Less well publicised however is the history of the passenger ship before the conflict. When launched in June 1906 RMS Lusitania was the largest and fastest ship in the world. By 1915 it had crossed the Atlantic over 200 times carrying ca.240,000 passengers. The current display in the Berkeley foyer features a reprint from Engineering which is in itself a fascinating account of the ship’s construction in Clydebank from 1904 onwards.



Wesley Frost, Devils of the Deep. Shelfmark: PAM Mw.1.12 no.18

The display also includes two works by former US Consul, Wesley Frost. His role in Ireland during the war included the compilation of reports for the US authorities on submarine warfare in Irish waters. The prevalence of these attacks was noted by Frost –  ‘As Consul at Queenstown for the three years ending last June, I reported to our Government on the destruction by submarines of eighty-one different ships carrying American citizens’. Traveling the length of the Irish south coast, Frost devoted much time to recording the legal testimonies of survivors of such U-boat attacks. He was later recalled, unfairly, in 1917 from his post in Ireland following an alleged complaint by Admiral Sims of his reporting of British destroyers at Queenstown. Tragically, Frost was to lose his only brother Cleveland in 1918 to submarine warfare as the USS Ticonderoga was torpedoed with the loss of 213 lives.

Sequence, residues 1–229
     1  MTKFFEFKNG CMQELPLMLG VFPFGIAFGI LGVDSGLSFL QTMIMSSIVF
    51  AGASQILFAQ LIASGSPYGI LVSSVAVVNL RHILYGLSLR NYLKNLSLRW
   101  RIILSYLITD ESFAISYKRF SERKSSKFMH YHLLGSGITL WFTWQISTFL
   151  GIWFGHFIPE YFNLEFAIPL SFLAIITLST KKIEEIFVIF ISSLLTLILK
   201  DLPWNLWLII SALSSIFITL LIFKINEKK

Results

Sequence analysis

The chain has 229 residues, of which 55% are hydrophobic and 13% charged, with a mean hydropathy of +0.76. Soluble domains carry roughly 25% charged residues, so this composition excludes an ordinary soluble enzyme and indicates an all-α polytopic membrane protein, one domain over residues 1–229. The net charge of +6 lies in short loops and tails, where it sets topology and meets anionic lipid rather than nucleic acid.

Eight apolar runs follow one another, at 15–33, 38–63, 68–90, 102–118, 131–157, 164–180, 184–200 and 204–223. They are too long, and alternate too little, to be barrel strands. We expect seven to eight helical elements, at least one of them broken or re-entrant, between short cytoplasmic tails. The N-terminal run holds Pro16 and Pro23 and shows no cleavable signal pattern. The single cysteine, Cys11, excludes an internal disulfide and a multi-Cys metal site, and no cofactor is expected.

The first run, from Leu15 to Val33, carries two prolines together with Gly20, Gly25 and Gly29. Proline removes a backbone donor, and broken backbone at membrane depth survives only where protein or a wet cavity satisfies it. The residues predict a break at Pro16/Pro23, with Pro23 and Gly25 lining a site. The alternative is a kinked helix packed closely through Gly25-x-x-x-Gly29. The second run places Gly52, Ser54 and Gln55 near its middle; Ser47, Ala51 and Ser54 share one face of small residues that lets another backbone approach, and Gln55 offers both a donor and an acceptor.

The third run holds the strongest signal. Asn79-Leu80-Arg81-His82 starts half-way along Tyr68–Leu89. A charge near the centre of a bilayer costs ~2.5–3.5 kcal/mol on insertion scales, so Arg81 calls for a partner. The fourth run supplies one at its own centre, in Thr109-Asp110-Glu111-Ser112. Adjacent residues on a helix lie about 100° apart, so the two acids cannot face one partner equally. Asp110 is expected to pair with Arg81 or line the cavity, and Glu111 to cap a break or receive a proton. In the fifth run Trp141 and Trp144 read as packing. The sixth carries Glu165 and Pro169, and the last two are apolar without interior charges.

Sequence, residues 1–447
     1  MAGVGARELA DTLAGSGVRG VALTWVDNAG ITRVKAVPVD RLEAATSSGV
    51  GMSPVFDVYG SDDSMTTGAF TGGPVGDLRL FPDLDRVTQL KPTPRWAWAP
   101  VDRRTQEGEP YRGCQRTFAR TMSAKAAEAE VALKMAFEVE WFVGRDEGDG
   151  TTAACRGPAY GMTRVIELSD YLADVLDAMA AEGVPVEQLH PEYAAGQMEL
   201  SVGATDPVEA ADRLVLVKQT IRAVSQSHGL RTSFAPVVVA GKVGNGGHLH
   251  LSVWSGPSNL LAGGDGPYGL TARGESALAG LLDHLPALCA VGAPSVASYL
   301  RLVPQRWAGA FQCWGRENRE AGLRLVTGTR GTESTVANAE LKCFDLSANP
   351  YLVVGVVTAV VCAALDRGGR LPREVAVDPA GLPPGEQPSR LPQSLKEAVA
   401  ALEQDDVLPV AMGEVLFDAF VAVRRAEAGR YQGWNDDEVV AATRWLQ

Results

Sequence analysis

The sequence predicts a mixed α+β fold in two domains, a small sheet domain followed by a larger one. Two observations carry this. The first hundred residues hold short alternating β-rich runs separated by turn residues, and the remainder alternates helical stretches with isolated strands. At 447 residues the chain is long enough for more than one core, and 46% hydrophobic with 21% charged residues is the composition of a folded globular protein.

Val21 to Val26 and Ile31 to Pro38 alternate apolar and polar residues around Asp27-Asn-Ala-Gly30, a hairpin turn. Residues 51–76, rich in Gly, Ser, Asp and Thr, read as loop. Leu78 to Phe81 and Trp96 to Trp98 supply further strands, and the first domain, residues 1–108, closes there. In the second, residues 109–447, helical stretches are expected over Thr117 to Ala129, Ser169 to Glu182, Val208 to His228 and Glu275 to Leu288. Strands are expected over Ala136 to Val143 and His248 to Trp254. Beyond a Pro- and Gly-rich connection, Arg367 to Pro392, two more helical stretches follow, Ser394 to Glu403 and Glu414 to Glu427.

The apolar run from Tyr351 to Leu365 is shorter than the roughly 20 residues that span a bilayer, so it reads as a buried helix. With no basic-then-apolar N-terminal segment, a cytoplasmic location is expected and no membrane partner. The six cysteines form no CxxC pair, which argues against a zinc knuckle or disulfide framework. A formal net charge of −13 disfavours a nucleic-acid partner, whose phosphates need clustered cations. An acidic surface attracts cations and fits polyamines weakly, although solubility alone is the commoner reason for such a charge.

The RMS Lusitania was hit on 7 May 1915, off the coast of Kinsale, by a single torpedo from submarine U-20, killing 1,197 of the 1,960 passengers and crew. Frost helped coordinate relief operations for the survivors as they arrived traumatised on the quayside of Cobh. This experience was to have a profound lifelong effect on him. SM U-20 was responsible for the fate of 36 other ships during the conflict before being grounded in late 1916.

99 Years On: Ireland and the Easter Rising

The birth of the Irish Republic- 1916. Shelfmark: OLS Samuels Box 4 no.112a

The birth of the Irish Republic- 1916. Shelfmark: OLS Samuels Box 4 no.112a

Today, the 99th anniversary of the start of the Irish Easter Rising, sees the launch of a new project for the Library. ‘Changed Utterly- Ireland and the Easter Rising’ is a weekly blog from our Research Collections departments. The aim is to highlight a particular item or collection each week which has relevance to Ireland during this troubled period. As the countdown to the 100th anniversary of the Rising draws near we hope that the selections will interest our readers and stimulate debate whilst affording us the opportunity to promote our holdings. We are delighted to announce that we will have some guest contributors along the way culminating in an online exhibition of the 52 items of interest in time for Easter 2016.